General Circulation

Outside Links: Lab Guide
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Experimental Setup

The goal of this experiment is to show how Hadley cell circulation works in real time. First, we filled the tank and set the rotational speed to approximately 1 revolution per minute (this is very important if the rotation speed is too great eddies will form and you will not achieve the desired results). We then let it spin for about a half an hour to allow the water to reach a steady state. Confetti pieces were added to the surface of the water so we could tell when this state was achieved. Once all the confetti pieces were moving together around the tank steady state had been achieved. Once at steady state we added a half gallon jar of ice to create the temperature differential (we found it easier to freeze a cylindrical half gallon jar of water in the freezer over night instead of trying to hunt down ice, make sure to freeze it with the top off or it will shatter your jar. This didn't happen to us just making sure people remember that water expands as it freezes). Once the heat differential was set up the steady state dissipates and the water flows down along the side of the jar to the bottom of the tank, out to the outside wall of the tank, back up and in towards the jar again.
In addition to this flow, the water on the inside of the tank closest to the jar revolved at a faster rate than the water on the outside. This phenomenon was made apparent by the confetti pieces on the surface of the water. We allowed the system to run for approximately 1 half hour to allow the flow regimes to reach there maximums. Again this was made apparentby the movement of the confetti on the surface of the water (the confetti on the inside moved faster than the confetti on the out side). Once the appropriate flows were set up in the tank, dye was added to the the water close to the side of the jar. Due to the thermal winds created by the temperature differential and the rotation of the tank, the dye closest to the surface was pulled quickly around the jar in the direction of rotation while the dye that went lower in the water column was pulled in the direction opposite the rotation. This stretched the the die in both directions creating a streak of dye situated diagonally down through the water column as in photos 1 and 2.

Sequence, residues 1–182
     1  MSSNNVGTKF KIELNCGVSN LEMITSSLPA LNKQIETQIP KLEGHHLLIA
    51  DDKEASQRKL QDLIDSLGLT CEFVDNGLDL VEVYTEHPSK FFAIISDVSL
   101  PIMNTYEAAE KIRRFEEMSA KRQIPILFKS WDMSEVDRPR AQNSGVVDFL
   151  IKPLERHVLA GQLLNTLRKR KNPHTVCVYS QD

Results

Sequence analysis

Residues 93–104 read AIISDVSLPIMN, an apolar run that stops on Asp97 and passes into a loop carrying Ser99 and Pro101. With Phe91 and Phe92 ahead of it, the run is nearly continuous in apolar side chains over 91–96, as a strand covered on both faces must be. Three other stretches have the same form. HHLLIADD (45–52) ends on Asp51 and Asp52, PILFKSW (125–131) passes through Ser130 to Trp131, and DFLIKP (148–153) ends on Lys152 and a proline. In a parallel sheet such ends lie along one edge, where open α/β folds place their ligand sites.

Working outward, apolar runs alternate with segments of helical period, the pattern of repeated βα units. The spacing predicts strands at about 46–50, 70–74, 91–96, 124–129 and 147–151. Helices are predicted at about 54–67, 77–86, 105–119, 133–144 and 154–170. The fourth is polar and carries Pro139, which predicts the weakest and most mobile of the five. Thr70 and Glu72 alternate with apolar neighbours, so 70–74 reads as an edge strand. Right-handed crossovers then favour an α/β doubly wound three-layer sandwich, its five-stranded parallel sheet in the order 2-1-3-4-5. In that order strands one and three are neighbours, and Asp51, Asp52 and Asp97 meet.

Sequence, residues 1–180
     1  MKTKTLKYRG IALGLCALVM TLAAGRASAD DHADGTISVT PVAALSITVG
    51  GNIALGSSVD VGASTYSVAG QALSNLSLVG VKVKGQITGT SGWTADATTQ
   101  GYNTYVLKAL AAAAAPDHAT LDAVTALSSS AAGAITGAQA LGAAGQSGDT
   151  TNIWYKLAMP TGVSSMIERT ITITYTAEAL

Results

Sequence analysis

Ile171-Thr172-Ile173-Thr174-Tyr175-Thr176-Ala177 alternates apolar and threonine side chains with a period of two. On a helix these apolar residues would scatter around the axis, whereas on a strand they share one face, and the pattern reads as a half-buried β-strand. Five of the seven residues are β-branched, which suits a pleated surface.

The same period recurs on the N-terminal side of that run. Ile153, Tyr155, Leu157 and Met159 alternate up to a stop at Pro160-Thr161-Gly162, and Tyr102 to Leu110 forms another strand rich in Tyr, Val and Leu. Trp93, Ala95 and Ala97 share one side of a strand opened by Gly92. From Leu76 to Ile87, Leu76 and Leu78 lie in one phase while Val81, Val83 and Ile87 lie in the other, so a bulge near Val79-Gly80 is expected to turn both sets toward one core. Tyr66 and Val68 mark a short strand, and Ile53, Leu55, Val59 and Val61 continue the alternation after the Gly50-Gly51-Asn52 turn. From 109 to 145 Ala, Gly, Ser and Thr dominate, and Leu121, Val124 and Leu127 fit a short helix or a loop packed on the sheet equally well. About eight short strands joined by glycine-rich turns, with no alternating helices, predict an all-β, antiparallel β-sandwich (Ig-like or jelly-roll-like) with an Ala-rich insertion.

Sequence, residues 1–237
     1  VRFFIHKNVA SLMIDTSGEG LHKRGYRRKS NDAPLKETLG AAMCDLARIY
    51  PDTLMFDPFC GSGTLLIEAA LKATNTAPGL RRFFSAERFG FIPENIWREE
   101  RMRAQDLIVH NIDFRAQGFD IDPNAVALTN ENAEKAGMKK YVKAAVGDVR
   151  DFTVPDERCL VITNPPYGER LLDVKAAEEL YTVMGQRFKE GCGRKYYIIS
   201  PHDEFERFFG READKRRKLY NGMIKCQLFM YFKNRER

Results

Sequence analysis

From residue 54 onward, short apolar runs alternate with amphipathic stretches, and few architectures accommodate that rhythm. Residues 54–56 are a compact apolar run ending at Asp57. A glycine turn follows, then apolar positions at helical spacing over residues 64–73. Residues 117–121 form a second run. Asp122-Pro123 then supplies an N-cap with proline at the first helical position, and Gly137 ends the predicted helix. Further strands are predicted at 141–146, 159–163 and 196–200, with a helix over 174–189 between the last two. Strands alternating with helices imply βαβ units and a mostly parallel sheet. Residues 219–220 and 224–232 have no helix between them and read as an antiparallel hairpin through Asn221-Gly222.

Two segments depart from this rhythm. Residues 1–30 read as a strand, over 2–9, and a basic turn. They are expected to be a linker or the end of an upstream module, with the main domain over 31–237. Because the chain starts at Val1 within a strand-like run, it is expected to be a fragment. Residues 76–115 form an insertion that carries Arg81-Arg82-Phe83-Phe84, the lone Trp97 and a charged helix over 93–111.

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Photo 1
Photo 2
An optional thing one can do if there is time is take a long eyedropper and put a dot of dye directly on the bottom of the tank. This allows you to see the slow flow at the bottom of the tank. The dye will fan out along the bottom of the tank and curl back and to the right, as circled in red in photo 3.
Photo 3

1.) Two different colors of liquid food coloring dye
2.) Colored confetti pieces
3.) A non-insulated container (straight glass jar is ideal)
4.) Ice
5.) Long Eye dropper (optional)

Real world Applications of Hadley cell circulation

Hadley cells occur from 0 to 30 degrees north and south of the equator and are the major cause of the aridity around 30 degrees north and south. The sun heats the water and land around the equator and this warms the air about which then moves up into the atmosphere as this moist warm air rises it cools and falls out as rain, but the air that contained it keeps moving. It heads away from the equator and then the now cool dry air falls back to the Earth around 30 degrees north and south. As you can see from figure 1, this cool dry air descends around 30 degrees north and south and creates droughts and the formation of deserts. An example of this is Earth's largest desert the Sahara desert in Northern Africa.
Desert Formation.jpg
Figure 1

The Trade Winds
The trade winds are the winds that occur by the influence of Hadley cell and Earth’s rotation which cause the trade winds to move from the East to the West (also called Easterlies). The Trade winds have been used for commerce since early 14th century and because humans use it for commerce we have named them the trade wind which mean “the wind for commerce”. These wind have a number of pros as well as cons. As we know, winds always carry some dust or particles. In 1970s, the trade winds caused a lot of damage in marine ecosystem particularly to the coral reefs around Florida and Caribbean Sea. This is because they brought a lot of dust from the North African Sahara desert. Dust is not the only problem associated with the winds. They also bring bacteria, heavy metals and pathogens as well. The animation form NASA’s Total Ozone Mapping Spectrometer (TOMS) reveals the dispersion of dust storm from Sahara desert that passed through the Atlantic Ocean and Caribbean Sea. This potentially resulted in the death of many corals because the dust covers the Atlantic Ocean and Caribbean Sea and reflects solar radiation which reduces the sea surface temperature and photosynthetic production (animation 1).
Animation 1